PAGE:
Head of the Adoring Virgin

Head and shoulders of a woman in three-quarter view, looking down and to the side, with her hands clasped in front of her as in prayer

Giovanni Battista Piazzetta (Venice 1682–1754 Venice)
Head of the Adoring Virgin, late 1720s (?)
Black and white chalk on blue laid paper
16 × 11 3/4 in. (406 × 298 mm)
Promised Gift from the Collection of Elizabeth and Jean-Marie Eveillard
Photo Joseph Coscia Jr.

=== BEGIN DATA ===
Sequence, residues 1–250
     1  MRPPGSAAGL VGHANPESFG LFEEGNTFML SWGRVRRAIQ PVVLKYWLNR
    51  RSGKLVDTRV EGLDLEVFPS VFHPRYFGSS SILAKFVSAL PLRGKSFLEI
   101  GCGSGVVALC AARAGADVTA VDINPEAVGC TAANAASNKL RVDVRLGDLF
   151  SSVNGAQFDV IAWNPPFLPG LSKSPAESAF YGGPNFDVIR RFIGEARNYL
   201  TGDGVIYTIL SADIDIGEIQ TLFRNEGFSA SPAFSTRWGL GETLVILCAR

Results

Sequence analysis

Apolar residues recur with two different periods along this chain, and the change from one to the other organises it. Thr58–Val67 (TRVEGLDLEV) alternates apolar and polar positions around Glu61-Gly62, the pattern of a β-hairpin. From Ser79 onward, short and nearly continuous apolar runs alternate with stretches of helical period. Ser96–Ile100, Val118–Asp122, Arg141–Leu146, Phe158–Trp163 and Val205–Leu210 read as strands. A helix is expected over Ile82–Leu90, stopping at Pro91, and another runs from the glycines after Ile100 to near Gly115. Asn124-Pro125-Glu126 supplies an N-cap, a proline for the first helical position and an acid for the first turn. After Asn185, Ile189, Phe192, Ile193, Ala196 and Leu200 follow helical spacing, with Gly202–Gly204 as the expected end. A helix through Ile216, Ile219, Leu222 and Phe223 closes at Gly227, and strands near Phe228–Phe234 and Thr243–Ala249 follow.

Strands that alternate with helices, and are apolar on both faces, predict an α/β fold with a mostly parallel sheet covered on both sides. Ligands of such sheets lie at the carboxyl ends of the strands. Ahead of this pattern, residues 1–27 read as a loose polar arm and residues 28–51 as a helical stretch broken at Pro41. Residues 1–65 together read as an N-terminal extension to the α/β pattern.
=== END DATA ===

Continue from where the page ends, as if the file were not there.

Giovanni Battista Piazzetta’s drawings far outnumber his paintings. He was chiefly known for book illustrations and head drawings—the so-called “character heads”—but this drawing may be one of just about twenty preparatory sheets by him to survive. Although it does not match any surviving painting by the artist, it bears close similarities with the head of the Virgin Mary in Piazzetta’s altarpiece in Santa Maria della Fava in Venice, painted in 1725–27. It is also possible, however, that Piazzetta made the sheet after the fact, recording his own painting in a drawing that, after adding the Virgin’s hands joined in prayer, he would later sell as an independent work or use as preparatory for a small devotional painting.

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